There have also been a good number of Tarpon feeding on the bridges at night, mostly around the incoming tide. Small, 3” soft plastics like the HyperPlastics DartSpin or a LiveTarget SlowRoll Shiner have been producing bites, but the fish are eating freelined pilchards and sardines on a 1/0-2/0 hook best. Make sure you are using light fluorocarbon leader for these Tarpon as they can be tricky to fool.
Mahi fishing was hit or miss this week. Anglers willing to put the work in and run deep where able to put fish in the boat. Weed lines were prevalent from 500’ out with most Mahi being taken where birds were working and mostly in 900’-1500’ trolling small lures. Chunking the weed lines with dead and live bait were also effective. King Mackerel are being caught in 150’-200’ either bump trolling live baits, slow trolling planers with dead bait or working jigs tipped with 6” of wire. Muttons have been caught in good numbers on the ledge in 120’ with the larger keepers caught on long leaders with whole sardines or ballyhoo. Sharks have still been tough to get through at times so beef up your tackle to pull them up as quickly as possible. New Moon is coming, and the tidal coefficient is ripe for Wahoo this weekend, in Jupiter, West Palm Beach and Boynton Beach, peaking on Tuesday. Get out early and get your lines in before the sun comes up trolling between 90’-300’. Although we usually don’t talk about Sailfish in the summer, there has been a fair amount of Sailfish caught while trolling skirted or naked Ballyhoo in 200’-300’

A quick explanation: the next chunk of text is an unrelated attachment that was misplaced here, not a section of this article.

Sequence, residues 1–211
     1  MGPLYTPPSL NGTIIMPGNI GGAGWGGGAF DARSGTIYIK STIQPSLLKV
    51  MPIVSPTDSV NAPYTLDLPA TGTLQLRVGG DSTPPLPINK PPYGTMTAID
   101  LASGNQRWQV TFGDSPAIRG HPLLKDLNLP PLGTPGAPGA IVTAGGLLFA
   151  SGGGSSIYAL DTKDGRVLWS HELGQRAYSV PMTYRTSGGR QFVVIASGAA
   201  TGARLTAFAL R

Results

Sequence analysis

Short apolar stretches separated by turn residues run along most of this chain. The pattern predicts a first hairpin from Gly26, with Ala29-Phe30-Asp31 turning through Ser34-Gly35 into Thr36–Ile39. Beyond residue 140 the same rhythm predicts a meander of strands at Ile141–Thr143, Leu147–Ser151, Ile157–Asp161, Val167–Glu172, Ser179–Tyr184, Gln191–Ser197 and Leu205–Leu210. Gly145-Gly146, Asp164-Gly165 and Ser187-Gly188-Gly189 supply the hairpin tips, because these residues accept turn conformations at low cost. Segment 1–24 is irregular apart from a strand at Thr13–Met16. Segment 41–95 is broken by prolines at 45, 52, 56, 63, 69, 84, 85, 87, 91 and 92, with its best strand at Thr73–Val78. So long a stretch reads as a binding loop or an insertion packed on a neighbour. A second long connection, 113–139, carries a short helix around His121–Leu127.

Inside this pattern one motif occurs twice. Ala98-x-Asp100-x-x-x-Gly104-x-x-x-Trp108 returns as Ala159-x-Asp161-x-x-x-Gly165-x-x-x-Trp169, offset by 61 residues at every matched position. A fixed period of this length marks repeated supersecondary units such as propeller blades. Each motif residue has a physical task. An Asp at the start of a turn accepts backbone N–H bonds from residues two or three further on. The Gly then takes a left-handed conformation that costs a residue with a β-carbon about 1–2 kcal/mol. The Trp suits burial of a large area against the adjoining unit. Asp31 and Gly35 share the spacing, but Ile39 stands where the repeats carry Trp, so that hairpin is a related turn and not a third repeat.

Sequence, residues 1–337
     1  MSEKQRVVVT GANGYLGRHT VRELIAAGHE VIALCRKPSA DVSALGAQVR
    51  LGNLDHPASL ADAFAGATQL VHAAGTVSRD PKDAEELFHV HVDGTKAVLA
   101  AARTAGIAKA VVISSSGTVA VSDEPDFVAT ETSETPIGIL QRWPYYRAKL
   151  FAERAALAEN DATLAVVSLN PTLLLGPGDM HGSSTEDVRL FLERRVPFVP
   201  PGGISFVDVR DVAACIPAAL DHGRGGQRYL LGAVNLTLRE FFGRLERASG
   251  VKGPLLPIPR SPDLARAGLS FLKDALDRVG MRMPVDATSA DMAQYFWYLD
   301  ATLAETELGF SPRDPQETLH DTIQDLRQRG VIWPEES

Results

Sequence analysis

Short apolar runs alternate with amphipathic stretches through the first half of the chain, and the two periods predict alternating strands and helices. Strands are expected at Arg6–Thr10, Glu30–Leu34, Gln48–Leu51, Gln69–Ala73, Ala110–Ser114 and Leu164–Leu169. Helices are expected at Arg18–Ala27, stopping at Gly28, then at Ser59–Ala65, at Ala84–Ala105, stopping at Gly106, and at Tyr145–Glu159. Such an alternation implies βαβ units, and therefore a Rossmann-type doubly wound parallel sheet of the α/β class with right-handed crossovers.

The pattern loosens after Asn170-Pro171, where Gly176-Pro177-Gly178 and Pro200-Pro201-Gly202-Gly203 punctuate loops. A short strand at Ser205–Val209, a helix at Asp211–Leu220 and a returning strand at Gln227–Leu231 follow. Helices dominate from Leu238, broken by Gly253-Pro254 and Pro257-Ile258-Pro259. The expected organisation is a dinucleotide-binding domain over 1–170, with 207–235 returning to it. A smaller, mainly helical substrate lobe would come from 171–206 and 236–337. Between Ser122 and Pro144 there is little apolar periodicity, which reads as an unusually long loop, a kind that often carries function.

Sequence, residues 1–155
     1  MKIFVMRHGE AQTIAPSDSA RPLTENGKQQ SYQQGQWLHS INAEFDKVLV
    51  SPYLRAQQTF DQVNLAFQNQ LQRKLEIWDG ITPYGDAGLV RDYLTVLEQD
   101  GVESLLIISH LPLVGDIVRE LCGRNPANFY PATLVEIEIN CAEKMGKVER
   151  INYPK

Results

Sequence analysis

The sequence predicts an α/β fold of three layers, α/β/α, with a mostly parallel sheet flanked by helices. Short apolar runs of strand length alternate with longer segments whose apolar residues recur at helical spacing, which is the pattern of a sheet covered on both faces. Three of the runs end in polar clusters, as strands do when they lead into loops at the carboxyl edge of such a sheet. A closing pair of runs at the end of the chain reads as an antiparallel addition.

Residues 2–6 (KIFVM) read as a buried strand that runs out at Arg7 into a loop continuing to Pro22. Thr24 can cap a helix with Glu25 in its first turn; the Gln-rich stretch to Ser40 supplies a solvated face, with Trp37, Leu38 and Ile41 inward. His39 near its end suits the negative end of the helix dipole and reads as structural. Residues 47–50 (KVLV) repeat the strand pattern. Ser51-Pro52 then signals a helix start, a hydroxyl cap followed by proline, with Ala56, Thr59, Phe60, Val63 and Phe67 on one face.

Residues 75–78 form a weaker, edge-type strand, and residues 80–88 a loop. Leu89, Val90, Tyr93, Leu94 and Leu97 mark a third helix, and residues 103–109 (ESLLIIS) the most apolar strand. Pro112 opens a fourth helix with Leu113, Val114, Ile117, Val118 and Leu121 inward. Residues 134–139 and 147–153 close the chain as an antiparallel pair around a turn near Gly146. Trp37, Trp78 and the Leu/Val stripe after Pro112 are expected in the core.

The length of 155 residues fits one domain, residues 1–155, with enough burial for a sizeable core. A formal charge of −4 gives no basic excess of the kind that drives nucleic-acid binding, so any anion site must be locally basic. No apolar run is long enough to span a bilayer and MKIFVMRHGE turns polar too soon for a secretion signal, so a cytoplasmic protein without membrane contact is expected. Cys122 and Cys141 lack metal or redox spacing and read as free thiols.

Snook and tarpon fishing has been good along the beaches and on the piers this week. Bigger swimbaits will work great at night while live baits have been producing during the day. Try downsizing your presentation to something like a Vudu Shrimp or a Hyperplastic Dartspin if trying your luck on the beach or at the pier during the day. Big jacks have been spotted cruising around the surf zone and around the Juno Pier. Throw a big piece of metal like a Shimano Coltsniper jig or a big topwater lure to catch the jacks. A few early season mullet have been showing up little by little, which is a very exciting sign for the inshore guys because it means the bulk of them are not far behind.